Spin 'round carousel when your horse isn't screwed in.

My band:
Fractured Instinct
(For fans of Death/Groove/Prog Metal)

Ibanez RGA42E
Ibanez S420
LTD H-301
Ibanez RG520
Peavey Predator USA
Douglas Grendel 725
Line 6 Pod HD500X
#8
It could be, I was thinking he was talking string spacing. If TS would have answered we'd actually know
2002 PRS CE22
2013 G&L ASAT Deluxe
2009 Epiphone G-400 (SH-4)
Marshall JCM2000 DSL100
Krank 1980 Jr 20watt
Krank Rev 4x12 (eminence V12)
GFS Greenie/Digitech Bad Monkey
Morley Bad Horsie 2
MXR Smart Gate
#9
you definitely want a 25.5 scale, which is more or less length.

what you really need is a wide NUT WIDTH which is how wide the board is, not long. some guitars have skinny ass necks. for example i picked up a PRS mcarty the other day which both visually and to touch had a tiny ass heck in terns of width....not so much overall profile or thickness in the palm.

in short, look for wide nut width demensions
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#10
Vigilante Carlstroem of The Hives is a beefy guy with fairly large fingers, and he plays Epiphone Crestwoods and similarly normal guitars.
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#11
Quote by reflexez
OK, so the scale then determines the amount of space or width of the fretboard?


The scale determines the distances between the individual frets.
The *width* of the fretboard determines the distance between the strings.

Jim Soloway sent me a guitar with a neck that had a 1 13/16ths" nut width (I have huge XXL hands). Normally what happens with guitars that are wider at the nut is that they get to standard string width distances as they approach the 12th fret because the bridges are a stock width. But his guitar maintained that extra 1/8th" spacing all the way to the bridge (which was a custom item, BTW). It was amazingly comfortable. I'm pretty good at getting around narrow string spacing, but this was SO easy to play. As a side note, he makes guitars with a 27" scale (in addition to a 25.5" and even a 24.75") that are tuned to standard. These have incredible, piano-like sound, and acres of space for the fatfingered among us <G>.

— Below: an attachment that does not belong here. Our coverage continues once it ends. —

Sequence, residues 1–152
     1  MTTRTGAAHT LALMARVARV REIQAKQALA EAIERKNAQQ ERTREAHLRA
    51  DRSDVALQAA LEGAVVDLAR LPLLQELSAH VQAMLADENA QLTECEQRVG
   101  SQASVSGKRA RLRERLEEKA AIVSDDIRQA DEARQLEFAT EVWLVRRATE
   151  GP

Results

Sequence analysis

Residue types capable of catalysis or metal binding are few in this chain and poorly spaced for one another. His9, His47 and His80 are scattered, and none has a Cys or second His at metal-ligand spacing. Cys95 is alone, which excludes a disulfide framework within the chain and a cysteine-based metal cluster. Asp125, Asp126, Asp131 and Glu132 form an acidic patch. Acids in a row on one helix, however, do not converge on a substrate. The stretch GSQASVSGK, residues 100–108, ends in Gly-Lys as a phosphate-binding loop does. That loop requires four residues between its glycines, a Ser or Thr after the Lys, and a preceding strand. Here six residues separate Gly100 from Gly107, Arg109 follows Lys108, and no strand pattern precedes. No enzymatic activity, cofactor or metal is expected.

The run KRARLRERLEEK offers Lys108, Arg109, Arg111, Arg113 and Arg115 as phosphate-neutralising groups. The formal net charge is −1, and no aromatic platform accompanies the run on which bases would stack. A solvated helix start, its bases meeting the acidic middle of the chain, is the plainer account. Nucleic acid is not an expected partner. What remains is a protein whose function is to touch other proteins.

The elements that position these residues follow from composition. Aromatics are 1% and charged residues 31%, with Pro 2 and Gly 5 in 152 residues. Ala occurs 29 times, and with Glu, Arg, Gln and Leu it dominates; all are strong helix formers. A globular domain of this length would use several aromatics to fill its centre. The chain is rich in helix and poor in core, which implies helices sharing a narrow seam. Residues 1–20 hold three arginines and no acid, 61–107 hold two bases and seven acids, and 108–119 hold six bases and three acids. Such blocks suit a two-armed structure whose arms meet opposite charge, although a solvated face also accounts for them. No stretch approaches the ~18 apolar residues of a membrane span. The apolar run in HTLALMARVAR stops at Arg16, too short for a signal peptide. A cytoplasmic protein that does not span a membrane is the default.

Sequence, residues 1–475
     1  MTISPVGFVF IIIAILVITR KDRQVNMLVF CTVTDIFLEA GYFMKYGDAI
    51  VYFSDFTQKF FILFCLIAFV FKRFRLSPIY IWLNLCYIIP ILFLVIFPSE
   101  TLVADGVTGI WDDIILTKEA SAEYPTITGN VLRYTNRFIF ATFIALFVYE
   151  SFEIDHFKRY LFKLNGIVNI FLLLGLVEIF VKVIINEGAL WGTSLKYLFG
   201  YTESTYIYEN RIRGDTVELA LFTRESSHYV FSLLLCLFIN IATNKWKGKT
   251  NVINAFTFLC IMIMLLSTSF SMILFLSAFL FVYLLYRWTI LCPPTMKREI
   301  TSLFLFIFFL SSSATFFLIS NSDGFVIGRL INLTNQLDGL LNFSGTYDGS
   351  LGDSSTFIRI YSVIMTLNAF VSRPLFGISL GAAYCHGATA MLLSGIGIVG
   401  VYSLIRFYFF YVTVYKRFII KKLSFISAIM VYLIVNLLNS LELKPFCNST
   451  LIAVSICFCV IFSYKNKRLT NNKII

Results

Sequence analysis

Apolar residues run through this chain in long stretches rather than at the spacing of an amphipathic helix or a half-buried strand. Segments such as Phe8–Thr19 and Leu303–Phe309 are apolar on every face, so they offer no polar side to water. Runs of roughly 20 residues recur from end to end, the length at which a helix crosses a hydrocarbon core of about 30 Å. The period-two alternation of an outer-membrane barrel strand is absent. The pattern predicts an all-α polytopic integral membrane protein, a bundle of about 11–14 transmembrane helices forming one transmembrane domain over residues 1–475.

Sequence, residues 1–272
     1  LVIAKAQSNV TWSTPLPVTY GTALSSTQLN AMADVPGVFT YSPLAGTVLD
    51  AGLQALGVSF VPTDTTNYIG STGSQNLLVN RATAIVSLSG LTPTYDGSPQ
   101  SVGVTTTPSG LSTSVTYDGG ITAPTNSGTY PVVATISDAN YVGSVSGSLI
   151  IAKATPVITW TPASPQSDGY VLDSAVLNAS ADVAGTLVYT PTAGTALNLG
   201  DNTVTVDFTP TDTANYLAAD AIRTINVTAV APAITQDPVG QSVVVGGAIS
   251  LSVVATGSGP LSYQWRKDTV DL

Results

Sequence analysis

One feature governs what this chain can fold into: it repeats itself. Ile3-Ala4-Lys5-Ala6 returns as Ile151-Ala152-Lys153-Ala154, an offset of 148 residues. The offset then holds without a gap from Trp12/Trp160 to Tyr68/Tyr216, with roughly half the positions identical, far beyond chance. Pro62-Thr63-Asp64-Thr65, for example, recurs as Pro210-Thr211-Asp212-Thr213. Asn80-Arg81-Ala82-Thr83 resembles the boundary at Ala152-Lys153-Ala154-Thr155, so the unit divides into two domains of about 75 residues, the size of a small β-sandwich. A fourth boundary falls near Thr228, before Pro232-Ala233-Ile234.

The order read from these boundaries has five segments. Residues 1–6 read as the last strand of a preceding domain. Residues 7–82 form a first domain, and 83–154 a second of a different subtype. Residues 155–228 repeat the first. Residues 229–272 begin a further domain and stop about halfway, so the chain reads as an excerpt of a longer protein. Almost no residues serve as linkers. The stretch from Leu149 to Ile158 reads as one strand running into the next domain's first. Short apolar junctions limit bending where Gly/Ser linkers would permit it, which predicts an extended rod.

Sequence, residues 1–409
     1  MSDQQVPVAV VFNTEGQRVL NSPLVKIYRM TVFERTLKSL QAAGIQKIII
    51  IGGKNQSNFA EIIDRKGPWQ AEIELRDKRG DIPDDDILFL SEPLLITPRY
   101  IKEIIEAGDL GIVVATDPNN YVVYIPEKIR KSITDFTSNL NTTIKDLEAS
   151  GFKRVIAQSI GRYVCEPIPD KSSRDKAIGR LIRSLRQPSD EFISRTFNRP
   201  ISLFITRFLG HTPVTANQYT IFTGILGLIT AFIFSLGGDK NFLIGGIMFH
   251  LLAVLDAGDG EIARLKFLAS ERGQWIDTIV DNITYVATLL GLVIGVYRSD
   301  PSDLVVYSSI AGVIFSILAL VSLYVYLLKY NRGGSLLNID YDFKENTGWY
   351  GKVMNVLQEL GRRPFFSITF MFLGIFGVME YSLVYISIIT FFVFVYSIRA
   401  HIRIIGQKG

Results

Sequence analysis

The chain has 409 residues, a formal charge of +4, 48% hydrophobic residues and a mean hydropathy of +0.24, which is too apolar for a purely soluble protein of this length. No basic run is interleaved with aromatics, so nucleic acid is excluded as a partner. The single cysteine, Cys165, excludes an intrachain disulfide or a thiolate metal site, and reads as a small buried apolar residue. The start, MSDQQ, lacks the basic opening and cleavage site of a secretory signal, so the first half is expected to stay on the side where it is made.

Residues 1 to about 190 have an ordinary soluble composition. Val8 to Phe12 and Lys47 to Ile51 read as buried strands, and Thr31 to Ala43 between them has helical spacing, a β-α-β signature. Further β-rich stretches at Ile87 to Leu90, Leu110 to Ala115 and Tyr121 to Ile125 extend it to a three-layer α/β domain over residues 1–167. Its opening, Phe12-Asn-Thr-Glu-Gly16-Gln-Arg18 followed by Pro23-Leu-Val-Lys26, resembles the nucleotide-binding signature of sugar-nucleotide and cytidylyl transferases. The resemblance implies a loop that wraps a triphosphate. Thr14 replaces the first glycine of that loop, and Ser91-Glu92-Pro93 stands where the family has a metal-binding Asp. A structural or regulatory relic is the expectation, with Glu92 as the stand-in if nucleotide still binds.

You might contact him at Soloway Guitars (Jim is an outstanding jazz player as well). He's having Doug Kauer take over his building (for the most part) these days, as he's sort of retired from the guitar building business and moved to Vancouver. But I think he can still be persuaded to knock out a guitar or two if properly motivated. http://www.solowayguitars.com/
#13
If you need a guitar with an unusually wide fretboard, I'm afraid that you're going to have to go custom. Jay Leno's former guitarist Kevin Eubanks went with a custom maker specifically to get a ridiculously wide fretboard on a big, fat neck. Of course, Mr. Eubanks wasn't short of bucks for such a project. Custom guitars - particularly those with non-standard dimensions to the neck/fretboard, can be very expensive propositions. Even with most customs, the makers stick to standard dimensions and they have their jigs sized accordingly. It will cost you some serious coin, but you get what you pay for.

I don't recommend this practice, but a lot of guitarists, bassists and even a few drummers swear by it, so here it is: some players who experience excessive pain or bleeding from playing will coat their fingertips (and any callouses) with Super Glue before a performance. It forms an extremely hard shield between the fretboard, strings and your skin. It does work, but then there's the whole thing about having Super Glue coating your fingertips.

Of course, if you are a criminal in your spare time, some expert professional thieves coat the entire first digit of their fingers with the stuff. It makes leaving fingerprints impossible and confounds the hell out of the police.

Just saying, you know...